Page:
It had been an arduous seven months since British forces landed on the Crimean Peninsula with their French allies in September 1854. Here they still were, dug in outside Sevastopol, thousands of miles from home on this peninsula at the southernmost tip of the Russian Empire.
Having endured three terrible battles with their Russian foes, the British Army was still reeling after a bitter and devastating winter. Thanks to the scandalous incompetence of the British Commissariat, thousands of men in the rank and file had died of frostbite, hypothermia, malnutrition and gastrointestinal disease. But the new year had brought hope and the first trickle of much-needed supplies of food, medicine and warm clothes from England.
It also brought something unexpected to cheer the spirits of the beleaguered British Army. On March 9, 1855, a small announcement was made at the very end of a long dispatch by William Howard Russell, special correspondent for the London Times, who had been embedded throughout with British troops outside Sevastopol. As he noted, “Inter alia, we are to have an hotel at Balaclava. It is to be conducted by ‘Mrs. Seacole, late of Jamaica.’”
When Russell’s dispatch was syndicated across the British press, the announcement provoked a degree of bafflement; nearly every paper amended the sex of the entrepreneur in question to “Mr. Seacole.” Russell’s “Mrs. Seacole” must have been a misprint, surely? How could any respectable woman possibly entertain setting up a hotel at the seat of war—and alone and unaccompanied at that?
Events would soon show, however, that one very determined Mary Seacole was most definitely on a 3,000-mile journey from England all the way to the Black Sea, although there would be no “hotel,” per se, and certainly not at Balaclava, a supply port on the Black Sea. Instead, Seacole’s British Hotel—initially envisioned as “a mess table and comfortable quarters for sick and convalescent officers”—became a makeshift canteen and storehouse offering food, supplies and medicine to war-weary soldiers.
It was enough of a surprise that any woman should undertake such a venture. But no one in 1855 could have anticipated that the lady in question would be Black. The Victorian popular perception of Black people in the 1850s was pretty much confined to anti-slavery literature of the Uncle Tom’s Cabin variety. Yet against all the odds—of her sex, ethnicity and time—when no Black person in Britain held any public office or position of authority, Seacole would launch herself into the heart of the war effort, and with it earn herself a unique place in the British public’s consciousness.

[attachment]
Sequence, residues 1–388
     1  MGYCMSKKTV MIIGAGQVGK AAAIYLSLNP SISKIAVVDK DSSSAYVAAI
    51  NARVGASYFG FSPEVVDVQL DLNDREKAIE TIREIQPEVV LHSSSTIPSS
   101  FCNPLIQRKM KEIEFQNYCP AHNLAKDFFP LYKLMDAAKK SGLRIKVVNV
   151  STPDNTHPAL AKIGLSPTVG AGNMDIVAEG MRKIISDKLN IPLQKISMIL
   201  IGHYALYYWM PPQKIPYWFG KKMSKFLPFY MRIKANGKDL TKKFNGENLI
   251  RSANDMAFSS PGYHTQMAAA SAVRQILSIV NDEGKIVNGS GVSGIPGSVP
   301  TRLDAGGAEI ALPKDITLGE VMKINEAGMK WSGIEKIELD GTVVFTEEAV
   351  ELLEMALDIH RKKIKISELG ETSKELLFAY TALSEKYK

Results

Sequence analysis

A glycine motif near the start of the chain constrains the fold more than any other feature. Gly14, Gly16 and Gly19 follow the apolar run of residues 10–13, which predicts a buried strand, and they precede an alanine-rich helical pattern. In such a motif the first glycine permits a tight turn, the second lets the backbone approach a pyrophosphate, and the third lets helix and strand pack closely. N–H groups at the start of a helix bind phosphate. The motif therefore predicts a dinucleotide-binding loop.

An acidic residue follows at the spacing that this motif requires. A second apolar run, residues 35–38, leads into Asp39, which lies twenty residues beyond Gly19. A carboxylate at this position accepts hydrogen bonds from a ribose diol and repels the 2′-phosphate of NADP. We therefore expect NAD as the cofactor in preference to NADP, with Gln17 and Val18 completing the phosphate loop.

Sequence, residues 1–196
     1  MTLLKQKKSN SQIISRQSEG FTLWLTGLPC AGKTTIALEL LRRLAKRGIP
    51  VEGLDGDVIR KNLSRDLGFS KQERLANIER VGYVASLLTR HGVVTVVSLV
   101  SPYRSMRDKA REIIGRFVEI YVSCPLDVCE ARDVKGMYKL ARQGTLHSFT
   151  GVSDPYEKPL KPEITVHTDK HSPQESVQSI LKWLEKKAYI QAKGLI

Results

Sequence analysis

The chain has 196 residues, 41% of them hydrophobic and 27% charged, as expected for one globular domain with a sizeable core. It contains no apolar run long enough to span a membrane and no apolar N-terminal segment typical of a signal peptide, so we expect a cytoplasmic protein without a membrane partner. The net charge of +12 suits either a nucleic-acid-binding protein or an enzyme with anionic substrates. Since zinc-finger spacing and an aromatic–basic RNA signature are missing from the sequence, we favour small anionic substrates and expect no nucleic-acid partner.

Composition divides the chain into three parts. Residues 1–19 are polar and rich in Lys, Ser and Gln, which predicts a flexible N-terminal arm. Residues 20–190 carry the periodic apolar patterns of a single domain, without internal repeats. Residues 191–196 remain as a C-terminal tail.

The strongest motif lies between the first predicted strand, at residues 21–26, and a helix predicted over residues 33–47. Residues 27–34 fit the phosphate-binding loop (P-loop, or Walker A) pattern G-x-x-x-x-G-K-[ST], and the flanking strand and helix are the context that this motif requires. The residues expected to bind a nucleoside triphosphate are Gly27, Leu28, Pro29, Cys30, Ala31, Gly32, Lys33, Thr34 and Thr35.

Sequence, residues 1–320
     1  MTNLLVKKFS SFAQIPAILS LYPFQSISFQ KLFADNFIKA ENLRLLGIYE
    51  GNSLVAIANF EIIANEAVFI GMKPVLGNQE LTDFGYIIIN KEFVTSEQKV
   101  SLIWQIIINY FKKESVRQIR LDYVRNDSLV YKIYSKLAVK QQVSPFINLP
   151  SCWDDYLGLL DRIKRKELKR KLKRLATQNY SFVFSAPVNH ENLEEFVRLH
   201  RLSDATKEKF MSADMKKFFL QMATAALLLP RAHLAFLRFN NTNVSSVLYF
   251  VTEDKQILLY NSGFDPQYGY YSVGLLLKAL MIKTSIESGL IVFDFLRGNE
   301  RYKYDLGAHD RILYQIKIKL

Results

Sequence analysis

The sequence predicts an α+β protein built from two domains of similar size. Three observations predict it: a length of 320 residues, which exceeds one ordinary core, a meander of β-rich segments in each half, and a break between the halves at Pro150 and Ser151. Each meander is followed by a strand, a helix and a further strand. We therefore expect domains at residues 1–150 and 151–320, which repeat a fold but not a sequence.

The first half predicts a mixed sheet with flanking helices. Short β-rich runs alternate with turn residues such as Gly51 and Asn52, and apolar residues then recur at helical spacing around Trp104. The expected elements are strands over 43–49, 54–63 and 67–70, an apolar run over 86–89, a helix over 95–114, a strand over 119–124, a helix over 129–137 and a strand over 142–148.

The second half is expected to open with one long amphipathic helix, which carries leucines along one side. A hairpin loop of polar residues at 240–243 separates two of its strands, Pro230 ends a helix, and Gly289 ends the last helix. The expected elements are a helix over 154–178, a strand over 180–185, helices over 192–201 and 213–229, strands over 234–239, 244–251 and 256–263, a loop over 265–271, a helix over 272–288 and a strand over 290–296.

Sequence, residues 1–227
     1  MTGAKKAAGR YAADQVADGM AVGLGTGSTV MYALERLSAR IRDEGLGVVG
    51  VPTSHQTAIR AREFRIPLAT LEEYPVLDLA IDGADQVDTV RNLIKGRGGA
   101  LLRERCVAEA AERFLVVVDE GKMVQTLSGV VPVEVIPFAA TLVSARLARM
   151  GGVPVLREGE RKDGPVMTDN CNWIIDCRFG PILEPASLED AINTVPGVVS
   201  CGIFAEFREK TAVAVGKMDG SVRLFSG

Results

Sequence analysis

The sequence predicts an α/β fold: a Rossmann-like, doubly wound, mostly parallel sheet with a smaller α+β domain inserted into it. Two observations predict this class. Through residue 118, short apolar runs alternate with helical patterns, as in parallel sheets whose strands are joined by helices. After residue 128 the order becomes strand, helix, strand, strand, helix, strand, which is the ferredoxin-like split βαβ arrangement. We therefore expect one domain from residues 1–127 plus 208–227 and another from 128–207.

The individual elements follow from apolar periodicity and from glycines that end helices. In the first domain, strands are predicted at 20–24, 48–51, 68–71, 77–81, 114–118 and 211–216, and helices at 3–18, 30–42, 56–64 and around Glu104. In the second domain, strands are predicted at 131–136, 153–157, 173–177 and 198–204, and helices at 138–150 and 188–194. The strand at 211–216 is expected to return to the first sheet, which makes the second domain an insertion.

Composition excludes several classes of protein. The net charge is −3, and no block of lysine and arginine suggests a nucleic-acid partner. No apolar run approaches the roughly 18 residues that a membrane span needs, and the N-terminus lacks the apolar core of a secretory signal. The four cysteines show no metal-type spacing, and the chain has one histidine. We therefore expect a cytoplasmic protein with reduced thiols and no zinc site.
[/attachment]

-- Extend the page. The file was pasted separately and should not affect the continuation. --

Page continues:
That brief notice in March 1855 would be the first of many sightings on the Crimean Peninsula of Seacole—a Jamaican caregiver and nurse, herbalist, sutler, humanitarian and patriot—over the next 16 months. By the time British troops left in July 1856, everybody in Crimea knew Mrs. Seacole, or, as she was better known, “Mother Seacole.”
Not only that, but the British people back home knew of her Crimean exploits, too. Thanks to extensive press coverage of the war—the result of some fine on-the-ground reporting by Russell and others—and the many letters home from their men, they knew about the efficacy of Seacole’s Jamaican herbal remedies for dysentery and cholera; her skill with stitching a wound, bandaging injuries and dealing with frostbite; her wonderful stews and Christmas puddings; and most important of all, her compassion and absolute devotion to her “sons” of the British Army.
By the end of the Crimean War, Mother Seacole had become the archetype of the loyal colonial subject doing her bit for the British war effort—the embodiment of Christian kindness, compassion and generosity of spirit. Indeed, searching through hundreds of collections of letters, diaries and newspaper accounts of the war, one finds that only one other woman during that time was accorded as much coverage: Seacole’s white female nursing contemporary, Florence Nightingale. For, in her way, as Reynolds’s Newspaper observed on June 14, 1857, Seacole, like Nightingale, was “A Real Crimean Heroine.”